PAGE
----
Top 10 Colorado basketball players in NBA history

Despite being known for its elevation, Colorado’s basketball bonafides don’t rise to the level of hoops hotbeds such as New York, Illinois and California.

When it comes to born-and-raised basketball stars from the Centennial State, putting together a top 10 is no easy task. It’s not that the state’s high schools don’t produce talent. NBA All-Stars Chauncey Billups, Scott Wedman, Tom Chambers, Micheal Ray Richardson and Joe Barry Carroll all spent their prep days on the Front Range. But only one of those men took his first breaths in Colorado’s thin air.

For that reason, we’ve switched things up in our fourth and final installment of top 10 Colorado pro stars and widened our focus to include those who played high school ball here, but were born elsewhere.

10. Glen Gondrezick

Denver Post file

Glen Gondrezick’s basketball roots continue with his job as a radio analyst for UNLV, the former Boulder standout’s alma mater.

PF/SF | Boulder | 1977-83

The elder of Boulder’s two NBA-playing Gondrezick brothers, Glen enrolled at UNLV and started for the Runnin’ Rebels’ first Final Four team in 1977. The New York Knicks selected the 6-foot-6 forward 26th overall in that same year’s NBA draft — the start of a six-year career that ended with four seasons in Denver. While he never earned any accolades, Gondrezick was a contributor on three playoff teams and had career averages of 5.8 points, 4.5 rebounds and 1.4 assists per game.

9. Jason Smith

Jason Smith #14 of the Washington ...

Rob Carr, Getty Images

Jason Smith of the Washington Wizards poses during media day at Capital One Arena on Sept. 25, 2017 in Washington, D.C.

C | Platte Valley | 2007-19

A two-time All-Mountain West selection in three seasons with the CSU Rams, the 7-footer was chosen 20th overall by the Miami Heat in the 2007 draft and immediately sent to Philadelphia. That was the start of a winding NBA journey that saw him play for six franchises over 11 seasons. An unfortunate string of injuries during his four-year run in New Orleans kept him from reaching his ceiling. Still, Smith managed to put together a solid career with averages of 6.1 points and 3.4 rebounds per game.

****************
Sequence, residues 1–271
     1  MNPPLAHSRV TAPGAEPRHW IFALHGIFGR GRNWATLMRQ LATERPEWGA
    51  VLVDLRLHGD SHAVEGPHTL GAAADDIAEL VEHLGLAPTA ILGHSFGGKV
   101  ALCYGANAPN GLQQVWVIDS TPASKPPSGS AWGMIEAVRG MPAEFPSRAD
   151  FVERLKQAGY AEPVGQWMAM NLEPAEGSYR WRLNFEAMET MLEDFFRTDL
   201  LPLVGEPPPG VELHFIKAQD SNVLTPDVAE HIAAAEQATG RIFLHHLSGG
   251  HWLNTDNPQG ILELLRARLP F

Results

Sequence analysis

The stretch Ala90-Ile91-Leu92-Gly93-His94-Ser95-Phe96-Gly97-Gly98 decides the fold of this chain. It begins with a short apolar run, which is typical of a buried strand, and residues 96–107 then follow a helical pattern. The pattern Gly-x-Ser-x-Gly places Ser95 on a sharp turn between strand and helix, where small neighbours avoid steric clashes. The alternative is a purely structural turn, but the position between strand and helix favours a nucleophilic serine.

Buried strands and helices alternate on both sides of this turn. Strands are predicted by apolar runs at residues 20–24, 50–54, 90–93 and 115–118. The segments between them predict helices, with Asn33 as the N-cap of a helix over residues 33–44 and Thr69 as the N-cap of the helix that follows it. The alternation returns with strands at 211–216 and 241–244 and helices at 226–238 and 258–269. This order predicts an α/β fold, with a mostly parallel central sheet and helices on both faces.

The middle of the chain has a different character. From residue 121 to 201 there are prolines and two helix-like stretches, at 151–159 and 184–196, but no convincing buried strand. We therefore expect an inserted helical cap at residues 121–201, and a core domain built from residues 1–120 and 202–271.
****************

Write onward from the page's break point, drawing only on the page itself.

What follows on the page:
8. Pat Garrity

Getty Images file

Pat Garrity of the Phoenix Suns shoots during the NBA preseason game against the Dallas Mavericks at the Reunion Arena in Dallas, Texas.

SF/PF  | Lewis-Palmer | 1998-2008

The centerpiece of the Rangers’ 1994 state title team, Garrity chose Notre Dame out of several suitors and was an All-American in his fourth and final season in South Bend. After being selected with the 19th overall pick of the 1998 draft, the 6-9 sharpshooter played 10 seasons in the NBA with two franchises — Phoenix (one) and Orlando (nine). He twice averaged double-digit scoring and is 54th all-time in career 3-point shooting (39.8%).

7. Reggie Jackson

Katelyn Mulcahy, Getty Images

Reggie Jackson #1 of the Los Angeles Clippers handles the ball during the fourth quarter in a game against the Sacramento Kings at Staples Center on Feb. 22, 2020 in Los Angeles, California.

PG | Palmer | 2011-present

The son of an Air Force serviceman, Jackson was born in Italy before his family eventually settled in Colorado. The 2008 Colorado Gatorade player of the year attended Boston College for three years, ending in an All-ACC selection in 2011. He was taken with the 24th overall pick by Oklahoma City the same year and has averaged 12.9 ppg and 4.4 app over a nine-year career spanning three franchises. When the NBA resumes play in Orlando next month, the 6-3 guard will suit up for the title-contending L.A. Clippers.

6. Chuck Williams

PG  | Denver East | 1970-78

Born in the Bay Area, Williams moved to Colorado as a grade schooler and quickly became a sports fixture, winning football and basketball state titles at East before playing for the CU Buffs. The powerful 6-2 guard suited up for seven teams over an eight-year pro career, a majority of which was spent in the ABA. A two-time ABA all-star, he twice led the league in total assists and played for both of Denver’s pro hoops franchises — the Rockets and Nuggets — before finishing with career averages of 10.8 ppg, 4.5 apg and 1.0 spg.

5. Micheal Ray Richardson

Sue Ogrocki, The Associated Press

Former NBA basketball star Micheal Ray Richardson, right, joins in a drill during a basketball clinic sponsored by the National Basketball Retired Players Association, in Moore, Okla., Thursday, June 13, 2013.

PG/SG | Manual | 1978-86

A late bloomer at Manual, “Sugar Ray” was recruited to Montana by Hall of Fame coach Jud Heathcote. There he earned three All-Big Sky nods before being drafted fourth overall by the Knicks in 1978. Richardson rewarded New York with three all-star seasons, including a 1979-80 campaign in which he led the NBA in assists (10.1) and steals (3.2) per game. The 6-5 guard had one more all-star season in New Jersey before his eight-year NBA career abruptly ended when Commissioner David Stern banned him for life for violating the league’s drug policy for a third time.

4. Joe Barry Carroll

Rick Stewart, Getty Images

Joe Barry Carroll #2 of the Houston Rockets looks on from the bench during a game in the1987-88 season.

C | Denver East | 1980-91

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